GlaxoSmithKline got rid of the drug because of side effects, but a lab has shown it may be more useful than thought.
Scientists were stunned to find that a drug that GlaxoSmithKline had thrown out due to bad side effects in clinical trials could help fight off two different viruses.
The drug, GSK983, was able to prevent dengue fever and Venezuelan equine encephalitus virus (VEEV), meaning it could become a vital antiviral drug, according to a Stanford University statement.
But it wasn’t all good news: the drug not only prevented infection in the cells, it also stopped them from dividing, so GSK983 might need to be paired with another drug.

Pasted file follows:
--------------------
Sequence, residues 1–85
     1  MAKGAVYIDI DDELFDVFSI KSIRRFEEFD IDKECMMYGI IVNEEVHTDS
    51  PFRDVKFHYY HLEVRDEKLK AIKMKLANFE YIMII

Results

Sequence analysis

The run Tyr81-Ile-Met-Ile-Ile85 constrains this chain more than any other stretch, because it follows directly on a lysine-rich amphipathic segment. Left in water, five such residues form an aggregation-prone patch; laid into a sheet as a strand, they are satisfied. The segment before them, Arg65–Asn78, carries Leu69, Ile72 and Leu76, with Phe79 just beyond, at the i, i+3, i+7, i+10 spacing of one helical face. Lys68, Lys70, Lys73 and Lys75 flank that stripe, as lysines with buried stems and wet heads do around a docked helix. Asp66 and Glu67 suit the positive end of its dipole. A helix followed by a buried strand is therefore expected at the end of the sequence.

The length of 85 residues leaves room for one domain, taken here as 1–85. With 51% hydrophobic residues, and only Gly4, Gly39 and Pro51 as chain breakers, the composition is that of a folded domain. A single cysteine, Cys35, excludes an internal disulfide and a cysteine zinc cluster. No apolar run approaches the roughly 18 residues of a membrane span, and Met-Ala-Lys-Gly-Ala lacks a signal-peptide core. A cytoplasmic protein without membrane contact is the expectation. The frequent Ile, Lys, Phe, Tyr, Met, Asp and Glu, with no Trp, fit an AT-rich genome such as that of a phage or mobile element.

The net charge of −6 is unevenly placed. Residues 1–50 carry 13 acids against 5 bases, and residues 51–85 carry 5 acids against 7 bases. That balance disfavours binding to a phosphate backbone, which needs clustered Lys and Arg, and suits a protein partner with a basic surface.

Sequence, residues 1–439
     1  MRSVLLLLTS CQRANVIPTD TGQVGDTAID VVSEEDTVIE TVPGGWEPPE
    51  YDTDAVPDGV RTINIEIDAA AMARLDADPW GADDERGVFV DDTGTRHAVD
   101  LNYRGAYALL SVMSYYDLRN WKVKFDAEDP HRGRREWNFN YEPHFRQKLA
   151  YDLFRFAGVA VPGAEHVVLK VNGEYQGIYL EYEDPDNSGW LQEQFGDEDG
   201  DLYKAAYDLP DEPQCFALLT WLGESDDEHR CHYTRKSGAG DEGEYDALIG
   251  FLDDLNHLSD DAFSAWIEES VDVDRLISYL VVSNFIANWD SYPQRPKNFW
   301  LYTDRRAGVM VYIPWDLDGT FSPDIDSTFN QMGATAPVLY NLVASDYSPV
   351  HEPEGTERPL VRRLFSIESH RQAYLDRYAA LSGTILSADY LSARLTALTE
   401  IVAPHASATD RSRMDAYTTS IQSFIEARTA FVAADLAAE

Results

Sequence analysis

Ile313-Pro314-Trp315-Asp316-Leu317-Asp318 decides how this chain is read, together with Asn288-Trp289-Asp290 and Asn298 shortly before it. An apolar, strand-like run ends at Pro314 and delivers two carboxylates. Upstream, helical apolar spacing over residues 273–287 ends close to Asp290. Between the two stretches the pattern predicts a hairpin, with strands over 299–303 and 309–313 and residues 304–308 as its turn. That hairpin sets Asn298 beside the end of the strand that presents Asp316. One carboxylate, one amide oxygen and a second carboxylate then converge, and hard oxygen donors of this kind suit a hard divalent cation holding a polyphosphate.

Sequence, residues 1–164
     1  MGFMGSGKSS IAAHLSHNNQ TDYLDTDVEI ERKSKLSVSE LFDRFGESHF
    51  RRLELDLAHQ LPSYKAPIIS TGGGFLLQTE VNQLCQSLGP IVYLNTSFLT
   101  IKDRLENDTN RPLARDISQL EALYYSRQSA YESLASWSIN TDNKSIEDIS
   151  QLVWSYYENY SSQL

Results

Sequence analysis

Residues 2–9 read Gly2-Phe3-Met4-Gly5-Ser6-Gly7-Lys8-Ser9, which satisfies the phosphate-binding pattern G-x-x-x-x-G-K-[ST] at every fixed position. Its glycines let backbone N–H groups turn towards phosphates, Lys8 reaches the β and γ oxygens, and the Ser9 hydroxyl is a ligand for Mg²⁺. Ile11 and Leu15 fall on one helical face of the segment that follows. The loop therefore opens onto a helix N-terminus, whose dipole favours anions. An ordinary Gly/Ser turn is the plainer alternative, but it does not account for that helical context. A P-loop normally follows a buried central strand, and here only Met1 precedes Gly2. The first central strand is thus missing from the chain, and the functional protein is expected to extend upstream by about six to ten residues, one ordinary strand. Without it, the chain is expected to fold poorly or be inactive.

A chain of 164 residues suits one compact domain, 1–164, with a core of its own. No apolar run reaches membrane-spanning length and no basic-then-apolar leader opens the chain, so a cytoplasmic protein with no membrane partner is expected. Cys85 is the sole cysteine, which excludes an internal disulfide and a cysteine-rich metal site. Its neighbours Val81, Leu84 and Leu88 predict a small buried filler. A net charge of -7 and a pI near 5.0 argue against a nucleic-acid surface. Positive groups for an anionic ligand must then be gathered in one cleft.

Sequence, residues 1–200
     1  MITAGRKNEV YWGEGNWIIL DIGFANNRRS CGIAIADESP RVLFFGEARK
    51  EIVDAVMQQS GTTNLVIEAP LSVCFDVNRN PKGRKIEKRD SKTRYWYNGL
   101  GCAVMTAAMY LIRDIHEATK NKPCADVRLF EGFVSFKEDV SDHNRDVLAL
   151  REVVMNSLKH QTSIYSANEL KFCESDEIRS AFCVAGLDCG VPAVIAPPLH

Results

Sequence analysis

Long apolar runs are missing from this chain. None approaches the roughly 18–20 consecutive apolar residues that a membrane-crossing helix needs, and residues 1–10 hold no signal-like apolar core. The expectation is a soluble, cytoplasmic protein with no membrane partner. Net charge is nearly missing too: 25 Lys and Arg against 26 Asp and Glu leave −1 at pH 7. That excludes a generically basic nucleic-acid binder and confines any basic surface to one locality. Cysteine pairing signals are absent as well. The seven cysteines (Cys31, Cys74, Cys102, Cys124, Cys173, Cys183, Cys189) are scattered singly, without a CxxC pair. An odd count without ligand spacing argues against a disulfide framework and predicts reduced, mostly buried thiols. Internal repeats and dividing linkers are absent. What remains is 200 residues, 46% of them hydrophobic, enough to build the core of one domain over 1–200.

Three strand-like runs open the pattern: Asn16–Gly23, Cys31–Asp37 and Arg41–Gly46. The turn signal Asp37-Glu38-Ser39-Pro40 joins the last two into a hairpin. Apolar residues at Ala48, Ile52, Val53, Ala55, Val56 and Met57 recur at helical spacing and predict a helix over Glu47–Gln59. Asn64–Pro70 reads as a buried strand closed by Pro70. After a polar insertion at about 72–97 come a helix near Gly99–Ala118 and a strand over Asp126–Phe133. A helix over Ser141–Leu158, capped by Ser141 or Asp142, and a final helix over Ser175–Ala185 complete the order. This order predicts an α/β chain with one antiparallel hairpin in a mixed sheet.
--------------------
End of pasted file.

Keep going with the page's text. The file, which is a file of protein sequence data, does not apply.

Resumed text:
During a genome-wide screen of these viruses, scientists decided to try GSK983 to see if it could stop RNA-based viruses from replicating within a cell. The key to stopping RNA is to block a protein key to creating it. However, GSK983 appears to also prevent the cells from copying as well, and cells need to copy in order to not die.
So scientists were able to introduce a different building block that could only be used for DNA in the cells, allows the cells to continue dividing normally even after defeating the viruses.